2012 Suzuki Grand Vitara 4WD Review

May 3, 2012
2012 Suzuki Grand Vitara 4WD
2012 Suzuki Grand Vitara 4WD Suzuki_Grand_Vitara_Cargo Suzuki_Grand_Vitara_Front Suzuki_Grand_Vitara_Interior Suzuki_Grand_Vitara_Roof_Rack Suzuki_Grand_Vitara_Water
Cargo Capacity
Passenger Count
Fuel Economy
Off-Road Capability
Power & Handling

The Good

  • Amazing warranty.
  • Tough chassis.
  • 4WD.

The Bad

  • Basic, outdated interior.
  • Slow acceleration.
  • Swing gate rear opening.

Those looking for a plucky off-roader for under $25k that can get the snot beat out of it have an alternative to a Jeep.


Parked in my driveway, the 2012 Suzuki Grand Vitara “Ultimate Adventure Edition” didn’t look like a burly off-road machine. But once I got behind the wheel and took it out on the road, I immediately sensed that this mid-sized SUV was ready for dirt. Its stiff suspension, bare-bones interior and functional seats reminded me more of a Jeep Wrangler than one of today’s citified SUVs. And like Jeep, that off-road vibe speaks to Suzuki’s heritage—the first time I ever saw a Suzuki was deep in the Colorado Rockies in 1979. It was a tiny little 4WD truck making its way miles past where Jeeps dared to tread.

I wasn’t able to tackle any double track with my time in this new Suzuki, but I could tell on the few dirt roads I found that this SUV thinks dirt first, tarmac second. To boost owners’ peace of mind, Suzuki offers one of the best warranties I’ve ever seen: a 100,000-mile/7-year powertrain warranty with no deductible. And it’s fully transferrable to anyone else who owns the vehicle.

Pokey meets Pluck
Because of the Grand Vitara’s 4WD focus, it doesn’t rely on a massive engine to move it along. It knows full well that its 2.4-liter, 4-cyl. engine with a piddling 166 horsepower is plenty when you’re bouncing over a boulder field at 2 mph. The downside to this feature is that engine has to work hard to keep up with the minivans plowing down the interstate at 80 mph. This Suzuki is no cross-continental road-tripper. My 22-combined city/hwy mpg over 91.2 miles of driving confirms that as well.

But in mountain towns or seaside villages, the Suzuki’s small engine works just fine—it makes more sense than driving a 350-plus hp luxury SUV around town at 30 mph.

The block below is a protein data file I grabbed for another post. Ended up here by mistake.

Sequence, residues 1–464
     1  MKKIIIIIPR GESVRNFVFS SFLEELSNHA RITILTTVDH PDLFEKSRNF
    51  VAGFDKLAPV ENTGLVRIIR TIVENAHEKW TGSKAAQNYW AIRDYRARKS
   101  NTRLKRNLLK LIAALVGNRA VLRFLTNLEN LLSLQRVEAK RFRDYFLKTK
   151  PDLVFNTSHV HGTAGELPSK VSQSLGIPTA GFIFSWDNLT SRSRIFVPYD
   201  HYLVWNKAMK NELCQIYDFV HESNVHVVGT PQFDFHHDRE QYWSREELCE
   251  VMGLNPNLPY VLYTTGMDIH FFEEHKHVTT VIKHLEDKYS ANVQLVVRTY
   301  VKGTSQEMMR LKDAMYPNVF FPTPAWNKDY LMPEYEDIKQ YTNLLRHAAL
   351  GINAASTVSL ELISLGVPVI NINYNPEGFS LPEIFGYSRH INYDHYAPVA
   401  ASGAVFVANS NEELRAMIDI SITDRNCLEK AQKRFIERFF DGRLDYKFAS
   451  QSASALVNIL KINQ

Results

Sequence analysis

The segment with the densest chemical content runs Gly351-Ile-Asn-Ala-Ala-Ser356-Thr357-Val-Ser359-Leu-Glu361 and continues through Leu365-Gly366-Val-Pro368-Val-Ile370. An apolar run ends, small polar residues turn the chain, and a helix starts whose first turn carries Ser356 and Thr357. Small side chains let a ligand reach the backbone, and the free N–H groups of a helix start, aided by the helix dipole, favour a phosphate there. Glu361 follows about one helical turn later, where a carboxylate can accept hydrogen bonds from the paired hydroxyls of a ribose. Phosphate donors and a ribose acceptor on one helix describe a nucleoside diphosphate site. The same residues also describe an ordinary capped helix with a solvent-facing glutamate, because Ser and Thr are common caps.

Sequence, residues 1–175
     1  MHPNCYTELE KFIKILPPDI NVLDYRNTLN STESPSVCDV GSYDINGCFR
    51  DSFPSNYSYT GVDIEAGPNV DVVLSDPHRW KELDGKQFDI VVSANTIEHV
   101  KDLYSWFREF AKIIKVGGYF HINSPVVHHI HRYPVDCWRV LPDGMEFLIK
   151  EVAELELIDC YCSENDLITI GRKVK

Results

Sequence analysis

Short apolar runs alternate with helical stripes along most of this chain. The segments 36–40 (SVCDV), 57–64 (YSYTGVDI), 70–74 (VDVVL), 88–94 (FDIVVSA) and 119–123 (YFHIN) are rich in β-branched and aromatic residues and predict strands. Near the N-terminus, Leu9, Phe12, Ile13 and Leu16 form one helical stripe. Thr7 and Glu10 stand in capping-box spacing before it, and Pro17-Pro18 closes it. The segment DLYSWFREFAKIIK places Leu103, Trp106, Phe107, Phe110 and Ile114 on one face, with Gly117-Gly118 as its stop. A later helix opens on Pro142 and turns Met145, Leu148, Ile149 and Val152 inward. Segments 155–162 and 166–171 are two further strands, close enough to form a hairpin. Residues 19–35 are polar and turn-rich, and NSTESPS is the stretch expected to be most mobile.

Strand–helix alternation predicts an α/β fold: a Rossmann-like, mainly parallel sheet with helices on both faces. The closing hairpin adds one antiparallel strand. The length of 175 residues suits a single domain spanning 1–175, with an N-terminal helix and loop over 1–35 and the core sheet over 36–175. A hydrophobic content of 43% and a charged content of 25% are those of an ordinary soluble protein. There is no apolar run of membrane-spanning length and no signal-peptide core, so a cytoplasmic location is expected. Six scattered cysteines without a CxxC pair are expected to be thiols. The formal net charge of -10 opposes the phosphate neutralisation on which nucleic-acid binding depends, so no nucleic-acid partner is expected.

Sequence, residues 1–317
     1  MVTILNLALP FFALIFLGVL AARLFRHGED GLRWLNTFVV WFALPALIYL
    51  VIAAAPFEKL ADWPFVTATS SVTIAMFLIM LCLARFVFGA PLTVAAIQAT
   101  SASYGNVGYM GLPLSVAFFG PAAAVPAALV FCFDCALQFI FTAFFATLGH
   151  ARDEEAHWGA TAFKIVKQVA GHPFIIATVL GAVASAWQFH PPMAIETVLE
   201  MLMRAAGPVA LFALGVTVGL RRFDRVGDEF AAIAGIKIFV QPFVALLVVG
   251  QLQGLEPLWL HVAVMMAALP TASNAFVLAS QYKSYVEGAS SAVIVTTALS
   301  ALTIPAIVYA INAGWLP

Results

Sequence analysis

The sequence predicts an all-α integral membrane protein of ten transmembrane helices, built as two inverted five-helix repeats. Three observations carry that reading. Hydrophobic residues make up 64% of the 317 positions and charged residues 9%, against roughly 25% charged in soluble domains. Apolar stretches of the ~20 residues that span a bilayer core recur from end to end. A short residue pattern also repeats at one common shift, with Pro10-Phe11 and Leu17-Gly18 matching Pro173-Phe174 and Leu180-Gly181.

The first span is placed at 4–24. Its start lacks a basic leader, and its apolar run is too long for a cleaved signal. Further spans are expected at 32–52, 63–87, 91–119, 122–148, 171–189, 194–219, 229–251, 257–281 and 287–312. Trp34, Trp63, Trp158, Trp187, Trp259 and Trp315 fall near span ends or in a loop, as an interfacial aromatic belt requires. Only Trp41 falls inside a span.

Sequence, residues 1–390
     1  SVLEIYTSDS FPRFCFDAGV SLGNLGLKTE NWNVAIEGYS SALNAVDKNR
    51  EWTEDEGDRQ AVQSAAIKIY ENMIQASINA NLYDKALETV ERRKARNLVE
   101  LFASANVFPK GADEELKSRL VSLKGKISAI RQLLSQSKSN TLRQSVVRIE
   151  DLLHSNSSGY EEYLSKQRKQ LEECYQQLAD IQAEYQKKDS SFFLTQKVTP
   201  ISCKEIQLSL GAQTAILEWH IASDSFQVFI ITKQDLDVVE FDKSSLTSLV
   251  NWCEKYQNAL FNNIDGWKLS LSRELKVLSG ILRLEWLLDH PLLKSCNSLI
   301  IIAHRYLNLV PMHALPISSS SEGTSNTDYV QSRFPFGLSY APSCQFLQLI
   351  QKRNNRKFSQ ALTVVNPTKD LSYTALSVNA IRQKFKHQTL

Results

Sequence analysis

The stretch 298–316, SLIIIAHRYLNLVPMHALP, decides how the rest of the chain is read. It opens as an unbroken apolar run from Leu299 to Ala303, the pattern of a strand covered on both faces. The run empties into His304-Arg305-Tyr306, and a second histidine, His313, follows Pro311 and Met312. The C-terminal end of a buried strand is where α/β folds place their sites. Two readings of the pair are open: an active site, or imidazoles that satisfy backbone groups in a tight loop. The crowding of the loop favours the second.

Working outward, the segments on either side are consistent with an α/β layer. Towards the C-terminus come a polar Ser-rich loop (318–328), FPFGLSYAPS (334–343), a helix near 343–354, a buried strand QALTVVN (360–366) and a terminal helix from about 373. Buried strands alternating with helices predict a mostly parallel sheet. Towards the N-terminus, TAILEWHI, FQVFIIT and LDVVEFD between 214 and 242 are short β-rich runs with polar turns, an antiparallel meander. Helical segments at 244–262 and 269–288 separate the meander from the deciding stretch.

The utilitarian interior was actually refreshing compared to the over-stuffed, over-tech’d interiors that are the norm these days. Spilling sand, dirt, mud, coffee or any other adventure detritus is no big deal with the Suzuki. Just vacuum it up, wipe it down, and you’re done. If there’s a smudge or stain, it’s no big deal.

As far as cargo room goes, the Grand Vitara is adequate, although it was difficult to stuff my mountain bike inside. The SUV is not long enough to lay my bike flat and the rear seats don’t fold up tight enough to fit more than one rig. If you’re a cyclist, you’ll want to throw your wheels on a roof rack. Same goes for skiers. I also had issues with the rear door, which swings out wide to the right when opening. If you’re parked horizontally on an incline, the door has a tendency to swing shut on its own. Twice it slammed into my bike and myself as I was trying to load my bike in the back at a trailhead.

One cool feature was the navigation system: Pop a cover on the dash and up rises a portable Garmin unit that snaps into a holder/power supply. You can detach it and take it with you on the trail or a ride—or loan it to another driver, as it’ll run on its rechargeable battery. It’s a clever idea that allows Suzuki owners to bypass the instantly outdated dedicated nav systems locked into the dashboards and upgrade the Garmin whenever they want.


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